19. Onaivi, E. S., Ishiguro, H., Gu, S. & Liu, Q. R. CNS effects of CB2 cannabinoid receptors: beyond neuro-immuno-cannabinoid activity. J Psychopharmacol 26, 92–103, (2012).

    CAS  Article  PubMed  Google Scholar 

  20. Baur, R., Gertsch, J. & Sigel, E. The cannabinoid CB1 receptor antagonists rimonabant (SR141716) and AM251 directly potentiate GABA(A) receptors. British journal of pharmacology 165, 2479–2484, (2012).

    CAS  Article  PubMed  PubMed Central  Google Scholar 

  21. Lozovaya, N., Yatsenko, N., Beketov, A., Tsintsadze, T. & Burnashev, N. Glycine receptors in CNS neurons as a target for nonretrograde action of cannabinoids. The Journal of neuroscience: the official journal of the Society for Neuroscience 25, 7499–7506, (2005).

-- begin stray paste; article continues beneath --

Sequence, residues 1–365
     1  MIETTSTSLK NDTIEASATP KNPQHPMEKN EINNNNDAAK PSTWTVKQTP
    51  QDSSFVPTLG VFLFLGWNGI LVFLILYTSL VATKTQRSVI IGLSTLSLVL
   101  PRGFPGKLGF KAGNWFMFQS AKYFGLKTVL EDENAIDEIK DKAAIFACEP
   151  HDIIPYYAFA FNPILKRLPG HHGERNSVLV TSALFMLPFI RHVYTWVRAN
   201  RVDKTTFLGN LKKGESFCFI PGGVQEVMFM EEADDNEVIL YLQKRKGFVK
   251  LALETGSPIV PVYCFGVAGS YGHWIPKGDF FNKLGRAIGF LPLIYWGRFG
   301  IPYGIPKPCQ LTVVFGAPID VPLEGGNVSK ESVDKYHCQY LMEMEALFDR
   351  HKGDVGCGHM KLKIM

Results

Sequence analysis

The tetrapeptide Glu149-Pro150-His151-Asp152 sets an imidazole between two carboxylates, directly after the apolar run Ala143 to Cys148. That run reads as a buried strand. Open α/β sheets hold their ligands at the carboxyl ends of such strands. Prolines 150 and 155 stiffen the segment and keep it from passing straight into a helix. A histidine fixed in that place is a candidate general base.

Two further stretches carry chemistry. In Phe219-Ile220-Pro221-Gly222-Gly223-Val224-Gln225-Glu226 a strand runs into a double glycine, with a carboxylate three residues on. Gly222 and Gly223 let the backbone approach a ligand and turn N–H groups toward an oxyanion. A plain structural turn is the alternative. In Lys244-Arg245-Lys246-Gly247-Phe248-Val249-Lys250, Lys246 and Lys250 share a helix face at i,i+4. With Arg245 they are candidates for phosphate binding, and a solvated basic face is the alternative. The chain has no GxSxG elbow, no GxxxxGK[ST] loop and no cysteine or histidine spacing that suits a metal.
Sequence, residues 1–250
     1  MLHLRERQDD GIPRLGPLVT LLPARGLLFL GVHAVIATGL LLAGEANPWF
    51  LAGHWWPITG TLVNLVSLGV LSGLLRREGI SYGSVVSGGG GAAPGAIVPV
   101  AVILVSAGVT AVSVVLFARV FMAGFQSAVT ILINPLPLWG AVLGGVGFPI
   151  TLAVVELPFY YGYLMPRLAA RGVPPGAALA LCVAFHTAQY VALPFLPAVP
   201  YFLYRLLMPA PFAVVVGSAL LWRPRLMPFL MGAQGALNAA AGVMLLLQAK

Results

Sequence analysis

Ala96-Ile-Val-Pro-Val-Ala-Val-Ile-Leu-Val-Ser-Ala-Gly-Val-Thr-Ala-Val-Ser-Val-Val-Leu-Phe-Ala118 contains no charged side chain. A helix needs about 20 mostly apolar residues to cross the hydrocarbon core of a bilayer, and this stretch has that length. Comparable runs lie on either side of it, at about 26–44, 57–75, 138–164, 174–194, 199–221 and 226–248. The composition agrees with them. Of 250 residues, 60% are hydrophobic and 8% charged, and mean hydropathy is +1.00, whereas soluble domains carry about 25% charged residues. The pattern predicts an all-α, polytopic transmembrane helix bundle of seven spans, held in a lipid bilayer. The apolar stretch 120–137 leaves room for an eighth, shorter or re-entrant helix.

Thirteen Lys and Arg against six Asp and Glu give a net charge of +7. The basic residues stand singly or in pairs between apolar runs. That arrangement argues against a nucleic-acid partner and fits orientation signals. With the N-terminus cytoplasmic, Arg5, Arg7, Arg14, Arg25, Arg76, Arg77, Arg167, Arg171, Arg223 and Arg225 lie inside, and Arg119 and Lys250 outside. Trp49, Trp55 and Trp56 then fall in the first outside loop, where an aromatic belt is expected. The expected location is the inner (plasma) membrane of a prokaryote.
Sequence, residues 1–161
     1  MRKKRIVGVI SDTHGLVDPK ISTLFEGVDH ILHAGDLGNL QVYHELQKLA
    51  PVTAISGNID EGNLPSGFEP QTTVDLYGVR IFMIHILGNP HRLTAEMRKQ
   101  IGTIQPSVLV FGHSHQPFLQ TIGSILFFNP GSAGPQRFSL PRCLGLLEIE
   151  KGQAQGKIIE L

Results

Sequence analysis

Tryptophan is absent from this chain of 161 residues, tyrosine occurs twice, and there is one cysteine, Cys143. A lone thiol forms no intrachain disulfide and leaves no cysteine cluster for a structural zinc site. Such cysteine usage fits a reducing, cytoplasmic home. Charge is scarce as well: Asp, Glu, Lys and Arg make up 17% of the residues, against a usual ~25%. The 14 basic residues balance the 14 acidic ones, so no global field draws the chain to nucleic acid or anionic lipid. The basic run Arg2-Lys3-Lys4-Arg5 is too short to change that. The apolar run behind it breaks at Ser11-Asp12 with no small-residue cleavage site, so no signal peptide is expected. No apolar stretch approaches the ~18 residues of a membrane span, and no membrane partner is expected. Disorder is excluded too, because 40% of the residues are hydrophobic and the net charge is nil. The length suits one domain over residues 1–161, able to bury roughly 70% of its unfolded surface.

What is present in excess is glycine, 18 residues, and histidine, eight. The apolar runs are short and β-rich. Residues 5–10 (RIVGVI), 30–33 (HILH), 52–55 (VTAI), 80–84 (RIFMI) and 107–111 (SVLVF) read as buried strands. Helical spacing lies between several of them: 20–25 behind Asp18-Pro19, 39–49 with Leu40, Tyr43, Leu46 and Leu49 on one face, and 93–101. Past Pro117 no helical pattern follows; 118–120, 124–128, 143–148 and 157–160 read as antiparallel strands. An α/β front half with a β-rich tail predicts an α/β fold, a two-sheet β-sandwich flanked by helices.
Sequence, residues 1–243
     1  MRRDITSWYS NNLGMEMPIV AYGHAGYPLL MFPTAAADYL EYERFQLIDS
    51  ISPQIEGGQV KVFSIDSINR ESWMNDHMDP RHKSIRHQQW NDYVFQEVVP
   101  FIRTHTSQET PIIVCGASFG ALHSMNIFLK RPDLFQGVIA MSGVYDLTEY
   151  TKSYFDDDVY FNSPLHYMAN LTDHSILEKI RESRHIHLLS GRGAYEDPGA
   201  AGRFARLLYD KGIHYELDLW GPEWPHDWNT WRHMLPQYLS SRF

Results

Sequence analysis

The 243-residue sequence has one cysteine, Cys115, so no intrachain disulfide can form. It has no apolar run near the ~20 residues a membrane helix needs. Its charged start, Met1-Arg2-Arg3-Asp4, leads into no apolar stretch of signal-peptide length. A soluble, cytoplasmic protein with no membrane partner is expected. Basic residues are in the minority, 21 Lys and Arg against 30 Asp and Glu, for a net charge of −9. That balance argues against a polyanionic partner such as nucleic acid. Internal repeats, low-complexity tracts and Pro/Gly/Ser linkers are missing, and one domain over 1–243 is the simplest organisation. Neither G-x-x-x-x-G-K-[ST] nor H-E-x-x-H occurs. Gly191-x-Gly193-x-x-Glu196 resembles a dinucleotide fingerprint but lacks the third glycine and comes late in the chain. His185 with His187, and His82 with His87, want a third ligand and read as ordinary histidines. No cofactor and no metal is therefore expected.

CAS  Article  Google Scholar 

  22. Ross, R. A. et al. Agonist-inverse agonist characterization at CB1 and CB2 cannabinoid receptors of L759633, L759656, and AM630. British journal of pharmacology 126, 665–672, (1999).

    CAS  Article  PubMed  PubMed Central  Google Scholar 

  23. Piomelli, D. et al. Pharmacological profile of the selective FAAH inhibitor KDS-4103 (URB597). CNS drug reviews 12, 21–38, (2006).

    CAS  Article  PubMed  Google Scholar 

  24. Bowman, E. J., Siebers, A. & Altendorf, K. Bafilomycins: a class of inhibitors of membrane ATPases from microorganisms, animal cells, and plant cells. Proceedings of the National Academy of Sciences of the United States of America 85, 7972–7976 (1988).

    ADS  CAS  Article  PubMed  PubMed Central  Google Scholar 

  25. Fong, S. W. et al. TGF-beta2 alters the characteristics of the neuromuscular junction by regulating presynaptic quantal size. Proceedings of the National Academy of Sciences of the United States of America 107, 13515–13519, (2010).

    ADS  CAS  Article  PubMed  PubMed Central  Google Scholar